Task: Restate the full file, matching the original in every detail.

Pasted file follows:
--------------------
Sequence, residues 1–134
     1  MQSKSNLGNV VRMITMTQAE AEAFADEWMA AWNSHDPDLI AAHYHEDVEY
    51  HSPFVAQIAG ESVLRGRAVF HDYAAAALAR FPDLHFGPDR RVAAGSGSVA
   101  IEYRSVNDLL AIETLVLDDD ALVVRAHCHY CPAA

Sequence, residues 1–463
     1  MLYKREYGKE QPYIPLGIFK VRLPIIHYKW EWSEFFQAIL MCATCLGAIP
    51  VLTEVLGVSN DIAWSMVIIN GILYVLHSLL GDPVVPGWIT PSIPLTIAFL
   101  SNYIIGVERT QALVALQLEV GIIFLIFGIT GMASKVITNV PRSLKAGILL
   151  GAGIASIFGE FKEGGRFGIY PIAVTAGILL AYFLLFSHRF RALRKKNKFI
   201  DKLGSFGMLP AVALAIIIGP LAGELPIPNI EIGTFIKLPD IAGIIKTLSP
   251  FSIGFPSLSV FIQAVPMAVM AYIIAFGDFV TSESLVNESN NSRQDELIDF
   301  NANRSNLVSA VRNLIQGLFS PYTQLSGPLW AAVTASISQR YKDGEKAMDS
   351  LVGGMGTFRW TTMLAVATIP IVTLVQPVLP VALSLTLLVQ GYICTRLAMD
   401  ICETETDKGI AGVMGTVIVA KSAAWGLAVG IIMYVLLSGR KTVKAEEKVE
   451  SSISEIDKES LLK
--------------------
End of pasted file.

Sequence, residues 1–134
     1  MQSKSNLGNV VRMITMTQAE AEAFADEWMA AWNSHDPDLI AAHYHEDVEY
    51  HSPFVAQIAG ESVLRGRAVF HDYAAAALAR FPDLHFGPDR RVAAGSGSVA
   101  IEYRSVNDLL AIETLVLDDD ALVVRAHCHY CPAA

Sequence, residues 1–463
     1  MLYKREYGKE QPYIPLGIFK VRLPIIHYKW EWSEFFQAIL MCATCLGAIP
    51  VLTEVLGVSN DIAWSMVIIN GILYVLHSLL GDPVVPGWIT PSIPLTIAFL
   101  SNYIIGVERT QALVALQLEV GIIFLIFGIT GMASKVITNV PRSLKAGILL
   151  GAGIASIFGE FKEGGRFGIY PIAVTAGILL AYFLLFSHRF RALRKKNKFI
   201  DKLGSFGMLP AVALAIIIGP LAGELPIPNI EIGTFIKLPD IAGIIKTLSP
   251  FSIGFPSLSV FIQAVPMAVM AYIIAFGDFV TSESLVNESN NSRQDELIDF
   301  NANRSNLVSA VRNLIQGLFS PYTQLSGPLW AAVTASISQR YKDGEKAMDS
   351  LVGGMGTFRW TTMLAVATIP IVTLVQPVLP VALSLTLLVQ GYICTRLAMD
   401  ICETETDKGI AGVMGTVIVA KSAAWGLAVG IIMYVLLSGR KTVKAEEKVE
   451  SSISEIDKES LLK